But suffice it to say, the British were victorious in North America, the Caribbean, Europe, and as far away as India. The war continued officially for three more years and ended with the Treaty of Paris in 1763.
Thanks, Thought Bubble.
So, the most obvious result of the war was territorial changes, particularly in the green areas of not-America.
And even though Britain won the war, they arguably got the short end of the territorial stick.
Under the terms of the Peace of Paris, Britain got Canada from France and Florida from Spain. In return, France got Guadalupe and Martinique, Caribbean sugar islands that were much more valuable, at least monetarily, than Canada.
Sorry, Canada, but if you want to be valuable, grow some sugar. And not sugar beets, either, Canada. Real sugar. 
And Spain got Cuba, with its awesome sugar trade, and the Philippines with its proximity to China, which were much more valuable than Florida. I mean, at the time Florida did not even have Disney World. Instead, it had yellow fever.
But the real losers of the war were not the British or the Spanish or the French, but the Native Americans. The shuffling of territories meant the French were out of the Mississippi and Ohio River Valleys. and the American Indians were stuck with the British who kind of sucked. 
And as the British moved west, Native Americans felt compelled to fight back.
Oh, it’s time for the Mystery Document?
The rules here are simple.
If I’m wrong about the author of the Mystery Document, I will be shocked by electricity. If I am right, I will be shocked by my knowledge of 18th century primary sources.
Okay. Here we go:
“We humbly conceive that it is contrary to the maxims of good policy and extremely dangerous to our frontiers, to suffer any Indians, of what tribe soever, to live within the inhabited parts of this province while we are engaged in an Indian war, as experience has taught us that they are all perfidious, and their claim to freedom and independence puts it in their power to act as spies, to entertain and give intelligence to our enemies, and to furnish them with provisions and warlike stores. To this fatal intercourse between our for pretended friends and open enemies, we must ascribe the greatest of the ravages and murders that have been committed in the course of this and the last Indian war. We, therefore, pray that this grievance be taken under consideration and remedied…”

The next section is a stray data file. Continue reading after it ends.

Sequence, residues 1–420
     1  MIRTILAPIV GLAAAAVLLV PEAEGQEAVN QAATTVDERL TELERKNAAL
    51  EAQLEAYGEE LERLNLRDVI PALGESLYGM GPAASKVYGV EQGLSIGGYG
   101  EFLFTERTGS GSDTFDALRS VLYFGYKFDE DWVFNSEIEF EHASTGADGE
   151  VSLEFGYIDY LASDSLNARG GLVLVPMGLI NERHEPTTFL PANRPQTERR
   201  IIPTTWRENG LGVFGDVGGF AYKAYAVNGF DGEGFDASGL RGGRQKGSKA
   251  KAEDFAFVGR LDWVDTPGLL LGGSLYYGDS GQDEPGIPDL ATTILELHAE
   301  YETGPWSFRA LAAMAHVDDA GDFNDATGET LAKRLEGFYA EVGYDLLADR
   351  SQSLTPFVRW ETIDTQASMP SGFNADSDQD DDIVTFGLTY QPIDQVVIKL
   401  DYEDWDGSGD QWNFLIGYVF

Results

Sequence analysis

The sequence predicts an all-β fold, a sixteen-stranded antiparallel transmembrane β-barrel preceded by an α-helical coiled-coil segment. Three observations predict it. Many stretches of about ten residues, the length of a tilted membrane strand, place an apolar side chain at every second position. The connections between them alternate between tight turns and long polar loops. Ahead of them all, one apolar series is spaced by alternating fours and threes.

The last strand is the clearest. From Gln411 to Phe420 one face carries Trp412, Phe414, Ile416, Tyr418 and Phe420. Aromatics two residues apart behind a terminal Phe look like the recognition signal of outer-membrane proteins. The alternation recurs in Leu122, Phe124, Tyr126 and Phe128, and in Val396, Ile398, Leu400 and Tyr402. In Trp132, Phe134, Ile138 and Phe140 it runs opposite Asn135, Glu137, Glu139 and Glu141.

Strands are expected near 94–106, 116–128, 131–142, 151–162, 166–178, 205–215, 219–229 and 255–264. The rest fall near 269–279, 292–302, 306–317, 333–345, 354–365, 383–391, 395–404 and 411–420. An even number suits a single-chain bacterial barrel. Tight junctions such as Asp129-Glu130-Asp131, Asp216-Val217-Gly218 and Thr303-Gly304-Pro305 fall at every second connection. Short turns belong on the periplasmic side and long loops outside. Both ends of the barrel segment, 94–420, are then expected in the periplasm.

Usually you either know it or you don’t. And I don’t. The author is clearly not an Indian. The first-person plural makes me think the author is probably not an individual, which makes it harder. Certainly, we’re getting a taste of tension between colonists and Native Americans on the frontier. But who is writing about this tension, I have absolutely no idea 
Stan, you get to shock me. Who is it? 
Are you serious? I told you, it has to be an individual person! Fine. Gah! 
So, after the end of the Seven Years War, American Indians organized an armed revolt. In 1763, Indians, particularly from the Ottawa and the Delaware tribes, launched what has come to be known as Pontiac’s Rebellion. 
Now, of course, the rebellion ultimately failed to dislodge the British, but the Native Americans did manage to besiege Detroit and kill hundreds of settlers. And that convinced the British that if they wanted to avoid future conflicts, they should slow down the colonists’ settlements in the territories. 
So, the British Parliament issued the Proclamation Line of 1763 which forbids settlement west of the Appalachian Mountains and reserved that territory for Indians. 
Now, that sounds like a sensible policy until you remember that the British colonists had just finished fighting a war in order to get the right to move into that very territory. 
So, the settlers duly ignored the Proclamation Line and got down to settling.